Iran may have lied about its coronavirus death toll, with almost triple the number of people dying during the pandemic than reported.
The Government’s own records show almost 42,000 people had died of Covid-19 by July 20, compared to the 14,405 reported by the health ministry.
And cases had reached 451,024 — not the 278,827 officially reported by July 20.
The stark numbers come from an anonymous source who leaked official documents to the BBC to ‘shed light’ on the truth.
It shows that the first Covid-19 death was on January 22, almost a month before the first case was officially reported on February 19.
Alongside China, Iran has previously been accused of fiddling its numbers to cover up the true scale of its coronavirus crisis.
Although the number of cases had reportedly dipped since March, Iran has seen a surge in cases over the last few weeks. Yesterday health chiefs in the nation in the Middle East recorded 2,600 cases — the highest daily toll for almost a month.
Iran has still been the worst-hit country in the Middle East during the coronavirus pandemic, based on its health ministry’s data.
It says there have been a total of 309,437 cases and 17,190 fatalities since Covid-19 first arrived in February.
It suggests Iran has the 10th highest death toll, and the 26th highest death toll per million people.
But Iran would shoot up to one of the worst five countries hit by the coronavirus, if the leaked data is proven to be true.
Iranian doctors had reportedly been warning of Covid-19 as early as December 2019, when the coronavirus was first discovered in China.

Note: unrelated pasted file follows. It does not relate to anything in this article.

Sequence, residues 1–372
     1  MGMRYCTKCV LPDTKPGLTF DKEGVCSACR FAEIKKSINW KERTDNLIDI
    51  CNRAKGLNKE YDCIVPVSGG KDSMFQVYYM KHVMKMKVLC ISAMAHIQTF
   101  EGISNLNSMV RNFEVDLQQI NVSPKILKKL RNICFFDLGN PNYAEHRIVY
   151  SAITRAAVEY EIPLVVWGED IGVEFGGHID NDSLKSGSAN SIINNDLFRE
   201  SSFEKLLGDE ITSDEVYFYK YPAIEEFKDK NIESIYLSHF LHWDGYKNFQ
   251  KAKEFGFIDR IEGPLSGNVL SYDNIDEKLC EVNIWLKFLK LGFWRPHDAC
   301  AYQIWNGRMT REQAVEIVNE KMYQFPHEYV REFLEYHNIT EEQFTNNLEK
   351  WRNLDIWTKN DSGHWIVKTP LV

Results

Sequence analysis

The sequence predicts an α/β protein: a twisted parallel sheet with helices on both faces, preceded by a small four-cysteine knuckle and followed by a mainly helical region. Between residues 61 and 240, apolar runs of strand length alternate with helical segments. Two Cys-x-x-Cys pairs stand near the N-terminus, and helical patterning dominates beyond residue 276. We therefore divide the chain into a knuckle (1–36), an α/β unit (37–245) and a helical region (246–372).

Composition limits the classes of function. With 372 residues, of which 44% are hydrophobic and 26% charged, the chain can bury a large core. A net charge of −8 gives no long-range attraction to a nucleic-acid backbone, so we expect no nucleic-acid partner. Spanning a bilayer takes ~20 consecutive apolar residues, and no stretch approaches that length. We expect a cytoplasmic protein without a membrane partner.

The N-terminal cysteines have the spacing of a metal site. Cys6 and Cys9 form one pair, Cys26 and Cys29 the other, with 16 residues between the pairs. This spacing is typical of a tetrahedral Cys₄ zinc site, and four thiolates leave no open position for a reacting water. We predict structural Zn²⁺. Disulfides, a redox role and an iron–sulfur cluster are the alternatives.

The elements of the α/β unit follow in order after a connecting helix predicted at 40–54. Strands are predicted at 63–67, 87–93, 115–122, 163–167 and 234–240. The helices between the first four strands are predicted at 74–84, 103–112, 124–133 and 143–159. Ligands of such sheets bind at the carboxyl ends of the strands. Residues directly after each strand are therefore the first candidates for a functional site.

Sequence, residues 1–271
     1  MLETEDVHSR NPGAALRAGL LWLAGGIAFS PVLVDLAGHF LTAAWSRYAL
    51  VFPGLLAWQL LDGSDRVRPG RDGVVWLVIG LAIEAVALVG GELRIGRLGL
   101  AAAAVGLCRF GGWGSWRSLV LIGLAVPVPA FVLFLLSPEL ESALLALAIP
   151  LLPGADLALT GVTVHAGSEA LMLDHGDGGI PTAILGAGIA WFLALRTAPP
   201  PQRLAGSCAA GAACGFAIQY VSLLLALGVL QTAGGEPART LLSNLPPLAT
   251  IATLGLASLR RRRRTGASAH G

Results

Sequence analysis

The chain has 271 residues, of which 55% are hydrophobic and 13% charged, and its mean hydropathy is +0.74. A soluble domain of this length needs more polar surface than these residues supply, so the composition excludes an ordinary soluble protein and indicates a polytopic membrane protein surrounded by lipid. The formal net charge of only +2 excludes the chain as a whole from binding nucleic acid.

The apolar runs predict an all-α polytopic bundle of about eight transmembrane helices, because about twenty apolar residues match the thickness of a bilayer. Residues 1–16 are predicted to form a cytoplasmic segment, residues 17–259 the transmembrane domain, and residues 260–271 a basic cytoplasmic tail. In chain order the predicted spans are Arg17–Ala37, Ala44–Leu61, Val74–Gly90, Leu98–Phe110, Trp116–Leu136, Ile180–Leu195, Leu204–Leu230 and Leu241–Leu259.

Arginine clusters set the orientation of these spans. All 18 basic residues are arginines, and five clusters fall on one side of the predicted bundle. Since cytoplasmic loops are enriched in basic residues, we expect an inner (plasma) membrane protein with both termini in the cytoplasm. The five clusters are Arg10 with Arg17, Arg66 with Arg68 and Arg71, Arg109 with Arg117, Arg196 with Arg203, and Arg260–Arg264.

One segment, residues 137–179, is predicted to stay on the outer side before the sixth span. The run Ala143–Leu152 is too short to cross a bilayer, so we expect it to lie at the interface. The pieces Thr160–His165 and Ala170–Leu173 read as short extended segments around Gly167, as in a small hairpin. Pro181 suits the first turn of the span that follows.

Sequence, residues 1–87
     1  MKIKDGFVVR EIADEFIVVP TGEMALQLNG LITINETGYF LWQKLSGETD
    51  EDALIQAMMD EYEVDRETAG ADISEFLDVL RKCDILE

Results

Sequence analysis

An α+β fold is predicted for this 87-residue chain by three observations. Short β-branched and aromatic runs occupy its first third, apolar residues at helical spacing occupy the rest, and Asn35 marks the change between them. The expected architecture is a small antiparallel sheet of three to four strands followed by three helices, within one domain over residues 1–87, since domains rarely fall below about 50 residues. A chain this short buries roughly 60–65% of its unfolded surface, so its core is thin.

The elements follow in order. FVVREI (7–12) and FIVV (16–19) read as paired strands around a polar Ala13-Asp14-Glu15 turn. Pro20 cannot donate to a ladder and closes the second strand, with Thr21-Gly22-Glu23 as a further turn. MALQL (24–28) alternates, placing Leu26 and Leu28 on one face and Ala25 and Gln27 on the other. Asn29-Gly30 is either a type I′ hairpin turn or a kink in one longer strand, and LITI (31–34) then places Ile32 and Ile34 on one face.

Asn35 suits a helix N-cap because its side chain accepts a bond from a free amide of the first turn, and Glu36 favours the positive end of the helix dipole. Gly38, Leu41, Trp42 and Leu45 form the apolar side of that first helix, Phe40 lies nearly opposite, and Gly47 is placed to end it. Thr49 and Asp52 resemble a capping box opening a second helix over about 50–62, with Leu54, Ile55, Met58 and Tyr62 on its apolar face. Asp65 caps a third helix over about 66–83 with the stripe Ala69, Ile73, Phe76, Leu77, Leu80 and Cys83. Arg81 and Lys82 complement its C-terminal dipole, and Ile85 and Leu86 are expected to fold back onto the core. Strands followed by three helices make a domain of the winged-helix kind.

It wasn’t until February 19 when two cases were reported in Qom, a holy city in the north. Both were believed to been related to travel to China.
According to the BBC, government documents shows the first Covid-19 death in the country was recorded on January 22.
By the time officials had acknowledged the first two cases of the coronavirus, leaked data shows 52 people had already died.
Tehran, the capital, has the highest number of deaths. Some 8,120 people have died after testing positive for the disease or having similar symptoms.
For comparison, data from the health ministry says there have only been 5,000 cases diagnosed in the capital — which is home to 8.7million people.
The city of Qom — 90 miles (145km) south-west of Tehran — has been hit worse proportionally, with 1,419 deaths — one Covid-19 death for every 1,000 people.
The leaked data shows that cases and deaths rose at the same rate reported by the health ministry at the time.
But the initial rise of deaths is far steeper than health ministry figures and by mid-March it was five times what was reported.
The health ministry has said that the country’s reports to the World Health Organization are ‘transparent’ and ‘far from any deviations’.
The source that sent the data to the BBC said they shared it in order to ‘shed light on truth’ and to end ‘political games’ over the epidemic.
It includes details of daily admissions to hospitals across Iran, including names, age, gender, symptoms, date and length of periods spent in hospital, and underlying conditions patients might have.
The huge gap in the figures suggests the Iranian government attempted to deliberately cover up the true size of the crisis, as opposed to there being a slight level of inaccurate counting seen in many countries.